Ben Gibbard has produced a record which will appeal to himself… and that’s about it. This cover of Teenage Fanclub’s Bandwagonesque is one of the least essential albums this year.
|Artist: Ben Gibbard
Album Title: Bandwagonesque
Genre: Indie Rock
There are few instances in musical history where artists have been permitted to so wholly demonstrate their devotion to and adoration of their favourite album as plainly Ben Gibbard’s new cover album of Teenage Fanclub’s Bandwagonesque. I can understand the appeal to Gibbard, and as a musician myself if I ever had the chance to record my own version of Interpol’s Turn on the Bright Lights I’d jump at the chance. I’d also like the think I’d have enough self-awareness to know an album like that would appeal to only one person in the world (no prizes for guessing who).
So with Gibbard’s cover album here the prime question on everyone’s lips should be: why should anybody care about this project? It’s a classic example of self-indulgence from a man who’s got enough industry cred, experience, time and money to be able to make this record, but from a consumer point of view, what’s the point of us getting invested in someone who’s doing nothing but indulging their musical fantasies and demonstrating their undying fandom? I’m sure it was fun for Gibbard but that doesn’t necessitate it will be any fun for us.
Let’s go back to the original Teenage Fanclub version. Having listened to it for the first time last week I was decidedly underwhelmed. I’m sure at the time (1991) this would have seriously tapped into the musical zeitgeist of the moment. The album comes straight out of the alternative-rock underground, blending contemporary shoegaze-leaning, lo-fi guitar-led stoner sounds with an injection of Beatles and Velvet Underground inspired melodies. Tonally it’s akin to early REM but is more lax in that 90s pizza boy slacker kind of way. Did anyone care about anything in the early-to-mid-90s? The album is so painfully of its time it’s genuinely awkward to listen to. While their contemporaries like Pavement have aged well in large part due to their comedy, or My Bloody Valentine due to their innovation and accomplished (if homogenous) sound, Teenage Fanclub disappeared as quickly as the musical fads and penchants they adhered to.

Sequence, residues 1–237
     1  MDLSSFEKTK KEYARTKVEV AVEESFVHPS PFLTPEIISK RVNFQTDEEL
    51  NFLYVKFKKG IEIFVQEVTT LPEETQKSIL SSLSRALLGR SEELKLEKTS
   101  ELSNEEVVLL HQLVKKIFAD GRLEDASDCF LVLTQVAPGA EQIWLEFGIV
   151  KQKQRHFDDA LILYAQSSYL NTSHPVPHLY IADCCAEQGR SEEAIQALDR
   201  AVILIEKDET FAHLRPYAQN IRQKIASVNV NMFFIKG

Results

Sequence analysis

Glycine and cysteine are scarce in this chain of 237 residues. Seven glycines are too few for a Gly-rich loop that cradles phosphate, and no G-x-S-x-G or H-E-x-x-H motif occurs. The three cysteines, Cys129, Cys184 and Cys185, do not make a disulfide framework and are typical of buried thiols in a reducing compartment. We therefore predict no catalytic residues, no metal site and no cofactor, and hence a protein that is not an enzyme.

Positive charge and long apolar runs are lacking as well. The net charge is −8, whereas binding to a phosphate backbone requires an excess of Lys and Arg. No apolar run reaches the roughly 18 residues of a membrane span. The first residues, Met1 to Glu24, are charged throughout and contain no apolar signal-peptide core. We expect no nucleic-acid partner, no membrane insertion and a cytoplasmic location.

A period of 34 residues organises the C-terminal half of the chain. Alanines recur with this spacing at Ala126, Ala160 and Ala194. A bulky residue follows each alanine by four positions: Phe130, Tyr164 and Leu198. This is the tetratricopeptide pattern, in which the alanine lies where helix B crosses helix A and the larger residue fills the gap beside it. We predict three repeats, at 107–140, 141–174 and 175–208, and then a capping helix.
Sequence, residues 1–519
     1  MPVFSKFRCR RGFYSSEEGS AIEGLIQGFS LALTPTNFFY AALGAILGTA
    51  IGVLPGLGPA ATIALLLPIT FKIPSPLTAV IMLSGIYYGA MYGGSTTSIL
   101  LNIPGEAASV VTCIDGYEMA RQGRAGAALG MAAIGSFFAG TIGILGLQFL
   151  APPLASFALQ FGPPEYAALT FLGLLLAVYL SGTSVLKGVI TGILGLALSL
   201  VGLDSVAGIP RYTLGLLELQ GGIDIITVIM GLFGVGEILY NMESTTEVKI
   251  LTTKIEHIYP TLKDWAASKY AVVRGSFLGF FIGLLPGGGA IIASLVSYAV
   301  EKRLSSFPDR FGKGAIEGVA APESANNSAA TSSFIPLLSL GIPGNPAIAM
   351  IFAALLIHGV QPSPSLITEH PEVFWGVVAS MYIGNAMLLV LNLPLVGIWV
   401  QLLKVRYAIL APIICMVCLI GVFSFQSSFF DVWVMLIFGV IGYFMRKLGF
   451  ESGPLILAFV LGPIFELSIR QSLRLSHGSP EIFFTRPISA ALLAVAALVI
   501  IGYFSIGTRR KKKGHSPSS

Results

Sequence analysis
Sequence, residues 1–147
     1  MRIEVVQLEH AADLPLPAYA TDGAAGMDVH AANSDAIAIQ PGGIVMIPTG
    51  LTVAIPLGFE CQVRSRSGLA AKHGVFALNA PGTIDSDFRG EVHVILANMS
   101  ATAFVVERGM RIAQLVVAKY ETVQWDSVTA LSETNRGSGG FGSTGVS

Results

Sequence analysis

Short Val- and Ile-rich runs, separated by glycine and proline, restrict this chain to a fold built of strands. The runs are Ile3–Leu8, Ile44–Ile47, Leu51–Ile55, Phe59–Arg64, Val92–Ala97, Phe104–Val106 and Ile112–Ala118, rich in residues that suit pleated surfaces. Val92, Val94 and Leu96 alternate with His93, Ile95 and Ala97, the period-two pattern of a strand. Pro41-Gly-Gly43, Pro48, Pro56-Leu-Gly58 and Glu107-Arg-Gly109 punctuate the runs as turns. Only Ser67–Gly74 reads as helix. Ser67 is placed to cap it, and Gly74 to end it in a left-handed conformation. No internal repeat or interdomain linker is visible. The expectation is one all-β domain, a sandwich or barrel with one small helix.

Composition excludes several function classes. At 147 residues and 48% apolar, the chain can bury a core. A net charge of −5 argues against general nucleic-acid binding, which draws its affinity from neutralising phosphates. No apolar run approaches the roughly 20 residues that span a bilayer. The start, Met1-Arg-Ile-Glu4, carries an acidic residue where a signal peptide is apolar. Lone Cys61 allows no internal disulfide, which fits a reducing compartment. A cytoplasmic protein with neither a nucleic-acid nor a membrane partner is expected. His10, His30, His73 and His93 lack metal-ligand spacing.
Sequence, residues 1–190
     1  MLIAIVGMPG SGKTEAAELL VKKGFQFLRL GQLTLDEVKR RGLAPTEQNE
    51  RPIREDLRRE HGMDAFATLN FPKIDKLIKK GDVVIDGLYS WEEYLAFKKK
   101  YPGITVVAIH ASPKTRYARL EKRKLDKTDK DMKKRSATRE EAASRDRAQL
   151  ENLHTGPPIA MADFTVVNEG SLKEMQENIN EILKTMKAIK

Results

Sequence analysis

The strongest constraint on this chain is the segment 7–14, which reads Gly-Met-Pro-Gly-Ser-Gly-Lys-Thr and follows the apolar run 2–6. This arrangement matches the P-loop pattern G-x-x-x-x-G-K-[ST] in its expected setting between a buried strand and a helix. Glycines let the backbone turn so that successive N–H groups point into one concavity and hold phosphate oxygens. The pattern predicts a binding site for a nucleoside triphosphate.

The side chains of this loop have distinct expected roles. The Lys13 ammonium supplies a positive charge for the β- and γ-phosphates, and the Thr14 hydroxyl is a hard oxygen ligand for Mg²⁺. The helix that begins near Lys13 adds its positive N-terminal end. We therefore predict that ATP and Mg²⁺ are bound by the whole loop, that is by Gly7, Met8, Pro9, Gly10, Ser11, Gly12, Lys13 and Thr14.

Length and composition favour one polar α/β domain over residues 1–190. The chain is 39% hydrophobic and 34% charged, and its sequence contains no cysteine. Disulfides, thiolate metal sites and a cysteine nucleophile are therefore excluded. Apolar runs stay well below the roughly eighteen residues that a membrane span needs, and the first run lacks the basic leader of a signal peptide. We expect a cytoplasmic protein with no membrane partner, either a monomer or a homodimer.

It’s because of the nature of the original album’s musical ingredients that makes it such an ill fit for Gibbard. I’m a big fan of Gibbard’s main band, Death Cab for Cutie, and one of their defining characteristics is how safe and clean their sound is. The band’s weakest moments have always come when they tried to experiment or be less tightly-wound. Because of Gibbard’s logical mentality and his scientist’s brain he is literally incapable of producing muddy music (that doesn’t like it’s been painstakingly produced to sound muddy). As a consequence when Gibbard covers the dirtier tracks on Bandwagonesque like ‘Satan’ it feels like your ears are being boxed by two cold, flat, floppy pancakes.
Gibbard’s strengths, and therefore the record’s strengths, revolve around melody, and he’s on much surer footing on tracks like ‘Star Sign’ and ‘December’. It’s nice to listen to but always undercut by the feeling that any initial power the original had with these tracks is diminished in transition. Part of the problem is his vocals, uncharacteristically lacklustre, like a man who doesn’t believe the words he’s singing (strange for someone producing their favourite album, no?). Therefore his guitar playing shines through in place, which is a nice surprise as it’s not often he gets to demonstrate such proficiency with the instrument.
This is an album I would only recommend to people who like both Teenage Fanclub and Death Cab for Cutie, and even that would be with reservations. ‘Guiding Star’ towards the back end of the album almost makes it all worth it, but ultimately there won’t be many albums more skippable than Bandwagonesque this year.